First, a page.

New Brain Test to Monitor Alzheimer's Disease

Article ID: 503730

Released: 15-Mar-2004 10:20 AM EST

Source Newsroom: Society of Chemical Industry

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Newswise — 'Brain Fingerprinting' is the patented technology that can measure objectively, for the first time, how memory and cognitive functioning of Alzheimer sufferers are affected by medications. First generation tests have proven to be more accurate than other routinely used tests, and could be commercially available in 18-24 months.

The 30 minute test involves wearing a headband with built-in electrodes; technicians then present words, phrases and images that are both known and unknown to the patient to determine whether information that should be in the brain is still there. When presented with familiar information, the brain responds by producing MERMERs, specific increases in neuron activity. The technician can use this response to measure how quickly information is disappearing from the brain and whether the drugs they are taking are slowing down the process.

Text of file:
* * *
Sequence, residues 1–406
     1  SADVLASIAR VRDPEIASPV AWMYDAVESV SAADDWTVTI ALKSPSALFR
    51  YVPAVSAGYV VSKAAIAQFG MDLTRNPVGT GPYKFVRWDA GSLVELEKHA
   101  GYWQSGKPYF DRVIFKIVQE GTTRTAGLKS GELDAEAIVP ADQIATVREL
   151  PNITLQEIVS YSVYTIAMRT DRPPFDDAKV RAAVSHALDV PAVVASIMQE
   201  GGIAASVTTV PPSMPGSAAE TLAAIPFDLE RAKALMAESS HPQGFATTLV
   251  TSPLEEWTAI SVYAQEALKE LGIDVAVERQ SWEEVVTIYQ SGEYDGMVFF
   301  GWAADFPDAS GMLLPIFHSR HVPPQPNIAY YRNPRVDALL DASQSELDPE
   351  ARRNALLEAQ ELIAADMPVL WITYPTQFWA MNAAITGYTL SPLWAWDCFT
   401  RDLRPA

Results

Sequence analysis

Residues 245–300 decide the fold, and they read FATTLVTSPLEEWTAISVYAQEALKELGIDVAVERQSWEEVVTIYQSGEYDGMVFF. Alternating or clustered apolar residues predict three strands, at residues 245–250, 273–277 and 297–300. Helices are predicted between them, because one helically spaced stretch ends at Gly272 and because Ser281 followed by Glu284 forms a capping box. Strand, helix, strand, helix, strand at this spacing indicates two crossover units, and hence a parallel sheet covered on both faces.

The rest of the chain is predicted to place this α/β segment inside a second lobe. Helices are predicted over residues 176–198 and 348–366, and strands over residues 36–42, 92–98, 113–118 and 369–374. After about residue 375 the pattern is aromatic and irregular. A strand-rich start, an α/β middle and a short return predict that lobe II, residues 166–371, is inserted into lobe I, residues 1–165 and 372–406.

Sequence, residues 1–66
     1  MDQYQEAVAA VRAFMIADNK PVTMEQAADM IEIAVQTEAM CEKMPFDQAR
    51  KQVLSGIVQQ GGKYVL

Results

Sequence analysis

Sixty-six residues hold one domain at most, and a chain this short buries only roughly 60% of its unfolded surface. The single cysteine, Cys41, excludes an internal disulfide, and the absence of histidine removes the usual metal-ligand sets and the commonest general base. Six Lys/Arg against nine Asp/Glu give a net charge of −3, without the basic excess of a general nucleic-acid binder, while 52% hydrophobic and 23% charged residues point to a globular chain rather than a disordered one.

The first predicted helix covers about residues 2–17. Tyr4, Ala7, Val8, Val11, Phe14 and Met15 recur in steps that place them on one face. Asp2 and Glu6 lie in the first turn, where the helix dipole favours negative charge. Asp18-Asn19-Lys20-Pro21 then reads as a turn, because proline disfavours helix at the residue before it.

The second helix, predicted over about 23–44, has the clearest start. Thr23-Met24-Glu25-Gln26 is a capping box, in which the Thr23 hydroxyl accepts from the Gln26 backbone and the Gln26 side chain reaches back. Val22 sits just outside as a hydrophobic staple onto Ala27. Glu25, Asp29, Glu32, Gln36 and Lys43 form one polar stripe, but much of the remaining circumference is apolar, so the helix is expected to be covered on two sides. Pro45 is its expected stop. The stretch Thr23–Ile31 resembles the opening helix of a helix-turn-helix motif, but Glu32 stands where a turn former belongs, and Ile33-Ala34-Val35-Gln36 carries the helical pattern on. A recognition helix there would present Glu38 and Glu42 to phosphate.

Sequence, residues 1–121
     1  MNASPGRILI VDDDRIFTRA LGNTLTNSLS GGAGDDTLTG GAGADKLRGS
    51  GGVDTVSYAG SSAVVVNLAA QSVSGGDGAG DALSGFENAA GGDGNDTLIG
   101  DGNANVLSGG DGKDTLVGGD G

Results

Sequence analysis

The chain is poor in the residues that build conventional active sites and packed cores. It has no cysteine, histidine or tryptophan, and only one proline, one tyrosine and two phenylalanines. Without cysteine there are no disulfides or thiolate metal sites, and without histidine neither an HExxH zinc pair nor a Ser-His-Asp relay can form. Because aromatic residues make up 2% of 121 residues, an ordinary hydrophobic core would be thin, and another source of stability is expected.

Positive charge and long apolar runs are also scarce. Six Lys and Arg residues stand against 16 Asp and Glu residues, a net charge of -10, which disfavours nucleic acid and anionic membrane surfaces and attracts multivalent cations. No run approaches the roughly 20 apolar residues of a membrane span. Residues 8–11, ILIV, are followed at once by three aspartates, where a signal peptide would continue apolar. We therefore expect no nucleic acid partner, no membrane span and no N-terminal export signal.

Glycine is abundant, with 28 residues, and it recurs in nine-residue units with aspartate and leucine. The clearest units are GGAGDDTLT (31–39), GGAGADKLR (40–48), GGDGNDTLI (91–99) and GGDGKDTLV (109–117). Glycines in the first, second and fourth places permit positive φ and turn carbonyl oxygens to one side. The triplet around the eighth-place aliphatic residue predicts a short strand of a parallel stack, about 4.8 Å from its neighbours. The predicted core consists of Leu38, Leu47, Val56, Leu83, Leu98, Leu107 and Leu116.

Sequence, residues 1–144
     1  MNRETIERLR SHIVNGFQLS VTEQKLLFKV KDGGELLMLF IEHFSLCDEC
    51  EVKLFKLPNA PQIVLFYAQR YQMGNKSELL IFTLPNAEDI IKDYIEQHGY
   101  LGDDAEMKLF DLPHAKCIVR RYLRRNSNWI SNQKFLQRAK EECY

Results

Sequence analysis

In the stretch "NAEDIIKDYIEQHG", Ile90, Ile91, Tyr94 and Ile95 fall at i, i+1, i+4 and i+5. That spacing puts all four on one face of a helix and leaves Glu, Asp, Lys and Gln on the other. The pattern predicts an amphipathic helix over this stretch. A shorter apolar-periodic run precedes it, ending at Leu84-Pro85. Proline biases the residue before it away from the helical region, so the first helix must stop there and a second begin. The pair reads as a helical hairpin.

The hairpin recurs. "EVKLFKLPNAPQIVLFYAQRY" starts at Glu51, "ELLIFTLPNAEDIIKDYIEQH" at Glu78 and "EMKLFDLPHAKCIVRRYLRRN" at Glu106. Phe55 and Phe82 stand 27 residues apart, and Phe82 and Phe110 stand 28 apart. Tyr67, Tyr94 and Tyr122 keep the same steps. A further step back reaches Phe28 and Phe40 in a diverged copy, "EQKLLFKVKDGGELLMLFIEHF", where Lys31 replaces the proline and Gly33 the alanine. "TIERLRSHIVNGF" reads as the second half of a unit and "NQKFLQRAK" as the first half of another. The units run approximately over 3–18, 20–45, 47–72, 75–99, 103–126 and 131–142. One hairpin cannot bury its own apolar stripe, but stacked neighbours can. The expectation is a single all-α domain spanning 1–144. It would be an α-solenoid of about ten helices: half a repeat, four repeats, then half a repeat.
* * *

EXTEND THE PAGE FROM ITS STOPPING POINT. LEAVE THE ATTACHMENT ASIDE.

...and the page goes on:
Another potential application of the test is identifying trained terrorists before they strike. With the right questions, it is possible to detect records in the brain of crimes committed or in the planning or information specific to terrorist groups or gangs.

The test has been judged scientifically rigorous enough to be admissible in court. Already it has been used to trap a serial killer and free a man jailed for a crime he says he did not commit.


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